November 13, 2019  
 
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How to Sell to a Business

 

Selling a Lighting Retail Business

When it's time to sell your lighting retail business, your future plans depend on your ability to get the highest possible sales price. Here's how to do it . . .

The business-for-sale market is just as frustrating for buyers as it is for sellers these days. Although there are plenty of entrepreneurs who want to buy a lighting retail business, capital restrictions are holding them back.
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Yet what many sellers don't appreciate is that a down economy can present the perfect opportunity to sell a lighting retail business.

Working with a Professional Accountant

Professional accountants lend credibility to the financial preparation of a lighting retail business sale. Before your lighting retail business goes on the market, you should sit down with your accountant to clarify your financial goals and the tax consequences of a sale. You may also want your accountant to assist in the preparation of professional financials to present to serious buyers. With seller financing becoming common, professional accountants are playing a more central role in negotiations and buyer qualification.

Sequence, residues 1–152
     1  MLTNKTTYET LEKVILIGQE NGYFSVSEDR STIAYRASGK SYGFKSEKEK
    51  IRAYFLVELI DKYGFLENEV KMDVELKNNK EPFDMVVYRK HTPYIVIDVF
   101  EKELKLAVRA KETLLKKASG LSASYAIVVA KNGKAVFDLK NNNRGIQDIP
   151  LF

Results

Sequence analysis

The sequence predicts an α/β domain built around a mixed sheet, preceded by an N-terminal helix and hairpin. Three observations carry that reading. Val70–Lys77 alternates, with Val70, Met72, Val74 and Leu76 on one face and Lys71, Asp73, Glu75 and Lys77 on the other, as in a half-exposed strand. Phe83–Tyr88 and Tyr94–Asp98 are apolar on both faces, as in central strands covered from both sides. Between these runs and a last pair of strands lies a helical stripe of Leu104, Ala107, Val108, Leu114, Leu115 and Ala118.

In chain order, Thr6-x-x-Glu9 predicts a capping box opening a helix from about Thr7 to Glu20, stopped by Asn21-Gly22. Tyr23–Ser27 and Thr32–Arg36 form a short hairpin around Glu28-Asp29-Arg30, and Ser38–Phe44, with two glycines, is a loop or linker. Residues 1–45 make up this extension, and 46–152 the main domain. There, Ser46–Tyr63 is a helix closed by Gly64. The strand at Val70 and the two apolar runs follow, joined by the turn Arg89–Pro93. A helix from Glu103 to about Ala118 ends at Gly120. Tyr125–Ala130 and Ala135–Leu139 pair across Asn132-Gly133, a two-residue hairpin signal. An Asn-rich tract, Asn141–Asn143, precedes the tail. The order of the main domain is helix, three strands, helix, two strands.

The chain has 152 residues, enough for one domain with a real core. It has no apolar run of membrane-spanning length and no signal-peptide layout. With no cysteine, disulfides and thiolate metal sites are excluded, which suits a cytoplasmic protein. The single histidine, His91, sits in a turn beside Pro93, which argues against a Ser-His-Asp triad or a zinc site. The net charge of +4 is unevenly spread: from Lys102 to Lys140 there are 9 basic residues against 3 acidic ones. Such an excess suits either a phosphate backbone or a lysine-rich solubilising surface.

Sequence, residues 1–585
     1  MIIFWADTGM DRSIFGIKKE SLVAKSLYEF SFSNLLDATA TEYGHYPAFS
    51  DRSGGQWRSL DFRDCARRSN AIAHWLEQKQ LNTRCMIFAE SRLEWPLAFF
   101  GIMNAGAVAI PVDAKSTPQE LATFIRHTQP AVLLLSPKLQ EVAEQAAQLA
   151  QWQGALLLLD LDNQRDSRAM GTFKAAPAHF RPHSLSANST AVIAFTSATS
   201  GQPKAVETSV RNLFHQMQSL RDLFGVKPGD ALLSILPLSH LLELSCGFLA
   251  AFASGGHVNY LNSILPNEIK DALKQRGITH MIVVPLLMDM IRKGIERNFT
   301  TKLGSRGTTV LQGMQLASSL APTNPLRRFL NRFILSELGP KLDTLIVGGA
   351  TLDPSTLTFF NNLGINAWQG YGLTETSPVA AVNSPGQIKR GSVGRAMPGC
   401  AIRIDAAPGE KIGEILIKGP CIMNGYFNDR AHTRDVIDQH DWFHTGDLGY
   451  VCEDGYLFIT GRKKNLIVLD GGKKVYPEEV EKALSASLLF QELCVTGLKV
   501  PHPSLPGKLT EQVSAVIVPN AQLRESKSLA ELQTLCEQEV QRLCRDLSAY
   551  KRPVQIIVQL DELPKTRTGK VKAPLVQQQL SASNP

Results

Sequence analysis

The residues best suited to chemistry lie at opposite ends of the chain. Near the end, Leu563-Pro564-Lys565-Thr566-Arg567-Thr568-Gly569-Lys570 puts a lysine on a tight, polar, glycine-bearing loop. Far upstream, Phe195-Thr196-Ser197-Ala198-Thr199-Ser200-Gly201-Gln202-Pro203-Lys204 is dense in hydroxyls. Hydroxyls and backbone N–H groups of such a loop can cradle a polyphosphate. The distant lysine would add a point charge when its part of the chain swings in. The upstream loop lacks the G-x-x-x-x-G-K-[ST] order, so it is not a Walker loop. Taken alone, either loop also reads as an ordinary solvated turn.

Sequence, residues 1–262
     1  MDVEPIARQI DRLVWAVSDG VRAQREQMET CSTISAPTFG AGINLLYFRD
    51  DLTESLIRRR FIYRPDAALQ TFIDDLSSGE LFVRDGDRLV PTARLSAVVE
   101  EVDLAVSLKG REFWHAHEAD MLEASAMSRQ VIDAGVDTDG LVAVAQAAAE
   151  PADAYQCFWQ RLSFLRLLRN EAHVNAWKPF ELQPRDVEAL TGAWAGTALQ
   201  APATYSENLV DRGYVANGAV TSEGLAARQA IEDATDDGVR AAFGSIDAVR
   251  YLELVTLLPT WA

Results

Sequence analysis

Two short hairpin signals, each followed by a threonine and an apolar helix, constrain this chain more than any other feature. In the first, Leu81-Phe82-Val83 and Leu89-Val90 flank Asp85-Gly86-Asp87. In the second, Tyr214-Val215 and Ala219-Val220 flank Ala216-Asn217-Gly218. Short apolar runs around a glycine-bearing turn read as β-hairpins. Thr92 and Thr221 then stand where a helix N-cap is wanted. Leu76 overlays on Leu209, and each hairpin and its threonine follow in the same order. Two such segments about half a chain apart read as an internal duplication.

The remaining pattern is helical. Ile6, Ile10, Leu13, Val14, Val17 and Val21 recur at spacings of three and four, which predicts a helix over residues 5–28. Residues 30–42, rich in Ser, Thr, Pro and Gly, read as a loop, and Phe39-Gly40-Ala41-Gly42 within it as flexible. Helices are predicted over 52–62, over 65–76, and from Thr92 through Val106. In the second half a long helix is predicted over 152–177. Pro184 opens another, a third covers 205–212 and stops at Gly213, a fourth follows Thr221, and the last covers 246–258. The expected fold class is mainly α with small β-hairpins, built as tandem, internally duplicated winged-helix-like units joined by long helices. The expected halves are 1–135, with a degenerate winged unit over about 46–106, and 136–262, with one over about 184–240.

Average Timeframes

Hoping for a quick lighting retail business sale? You may be disappointed. Unfortunately, there are no hard and fast rules about the length of time your business will be on the market. Pricing plays a role in sale length, but there are no guarantees that a fairly priced business will sell quickly. On average, it takes a minimum of six months to prepare a lighting retail business for sale and many sellers spend a year or more positioning their business to command a higher price. Once your business is ready for the marketplace, it could take an additional six months to a year to locate the right buyer.

Selling a Lighting Retail Business to an Employee

Employee sales have pros and cons. A faithful employee may have the motivation and ability to continue to operate the business. If you need to sell quickly, the timeframe is condensed in an employee sale because you don't need to track down a buyer. But in many cases, employees expect to get a deal from their employer based on their years of service to the company. Seller financing is one way to get around the capital deficit of an employee-based lighting retail business sale, as long as you are willing to vet the employee's credit worthiness the same as any other buyer.

More Exit Planning Articles

Given your interest in exit planning and in lighting retail businesses, you might find these additional resources to be of interest.

Terms of Investment Banking Agreement

Marketing a Lighting Retail Business

How To Choose An Investment Banker


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